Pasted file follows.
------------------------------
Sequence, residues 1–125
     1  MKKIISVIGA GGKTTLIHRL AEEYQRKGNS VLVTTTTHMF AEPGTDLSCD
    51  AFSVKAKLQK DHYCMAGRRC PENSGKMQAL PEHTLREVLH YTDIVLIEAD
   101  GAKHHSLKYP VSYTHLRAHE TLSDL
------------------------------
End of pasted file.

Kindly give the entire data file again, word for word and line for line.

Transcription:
Sequence, residues 1–125
     1  MKKIISVIGA GGKTTLIHRL AEEYQRKGNS VLVTTTTHMF AEPGTDLSCD
    51  AFSVKAKLQK DHYCMAGRRC PENSGKMQAL PEHTLREVLH YTDIVLIEAD
   101  GAKHHSLKYP VSYTHLRAHE TLSDL